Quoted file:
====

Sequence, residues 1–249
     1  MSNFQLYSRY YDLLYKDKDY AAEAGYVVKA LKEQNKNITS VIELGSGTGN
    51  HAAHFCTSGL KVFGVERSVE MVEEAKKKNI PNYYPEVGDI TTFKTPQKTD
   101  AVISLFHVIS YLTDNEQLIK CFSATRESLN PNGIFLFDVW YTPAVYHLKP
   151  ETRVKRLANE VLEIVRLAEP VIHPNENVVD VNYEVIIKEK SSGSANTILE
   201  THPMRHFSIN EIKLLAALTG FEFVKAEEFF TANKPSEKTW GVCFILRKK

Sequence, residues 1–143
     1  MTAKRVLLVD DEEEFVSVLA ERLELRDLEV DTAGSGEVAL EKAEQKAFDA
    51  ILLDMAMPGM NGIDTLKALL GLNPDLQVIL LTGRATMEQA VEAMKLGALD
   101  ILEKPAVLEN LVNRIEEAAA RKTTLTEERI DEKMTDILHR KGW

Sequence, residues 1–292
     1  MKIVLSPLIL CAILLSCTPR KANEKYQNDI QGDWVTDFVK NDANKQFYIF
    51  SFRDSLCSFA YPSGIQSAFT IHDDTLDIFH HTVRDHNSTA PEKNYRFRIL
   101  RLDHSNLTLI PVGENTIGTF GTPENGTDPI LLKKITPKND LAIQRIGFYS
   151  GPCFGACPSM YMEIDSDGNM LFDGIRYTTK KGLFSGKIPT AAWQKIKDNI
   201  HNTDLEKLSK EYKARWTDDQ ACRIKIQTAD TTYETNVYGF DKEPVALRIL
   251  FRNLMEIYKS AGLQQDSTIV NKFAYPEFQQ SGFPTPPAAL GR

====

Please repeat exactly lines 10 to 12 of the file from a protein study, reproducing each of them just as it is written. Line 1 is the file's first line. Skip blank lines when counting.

   101  ILEKPAVLEN LVNRIEEAAA RKTTLTEERI DEKMTDILHR KGW

Sequence, residues 1–292
     1  MKIVLSPLIL CAILLSCTPR KANEKYQNDI QGDWVTDFVK NDANKQFYIF